Scientists from The Scripps Research Institute have solved a long-standing mystery of how cells conduct “quality control” to eliminate the toxic effects of a certain kind of error in protein production. The findings may lead to a better understanding of a host of neurodegenerative diseases. The new study, published by NATURE online recently, suggests how cells in eukaryotic organisms, like humans, sense and destroy “non-stop” proteins that remain stuck in the ribosome, the protein manufacturing plant of the cell.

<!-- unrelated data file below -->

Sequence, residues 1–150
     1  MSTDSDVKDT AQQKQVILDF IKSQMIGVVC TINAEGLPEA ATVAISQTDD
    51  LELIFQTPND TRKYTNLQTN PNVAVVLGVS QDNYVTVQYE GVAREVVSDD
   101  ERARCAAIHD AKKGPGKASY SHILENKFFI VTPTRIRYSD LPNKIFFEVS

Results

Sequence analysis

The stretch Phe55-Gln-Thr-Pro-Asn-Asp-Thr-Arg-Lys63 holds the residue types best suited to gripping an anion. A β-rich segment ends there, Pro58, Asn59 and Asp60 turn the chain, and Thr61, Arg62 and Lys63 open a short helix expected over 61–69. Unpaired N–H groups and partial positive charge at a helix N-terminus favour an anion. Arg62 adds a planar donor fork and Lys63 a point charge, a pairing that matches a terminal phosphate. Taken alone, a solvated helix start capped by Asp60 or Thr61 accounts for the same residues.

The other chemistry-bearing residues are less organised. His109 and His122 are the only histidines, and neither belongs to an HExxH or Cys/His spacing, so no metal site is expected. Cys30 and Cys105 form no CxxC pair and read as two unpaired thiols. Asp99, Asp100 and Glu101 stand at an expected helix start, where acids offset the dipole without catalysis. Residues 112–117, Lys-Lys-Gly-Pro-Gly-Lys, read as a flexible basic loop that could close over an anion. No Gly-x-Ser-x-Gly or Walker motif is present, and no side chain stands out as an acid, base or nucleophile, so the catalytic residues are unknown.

Rearchers at Stanford University have found a way to move muscles with pulses of light. The study, published in Nature Medicine, describes what the researchers are calling “optogenetics” — a technology which uses light-sensitive proteins from a single-celled alga placed on the nerve and pulses of light to trigger muscle movement. The researchers insert the gene for a protein called channelrhodopsin-2, which comes from green algae. Then when the neuron implanted with the gene is exposed to blue light, the protein starts a chain of electrical activity inside the cell which spreads to surrounding neurons.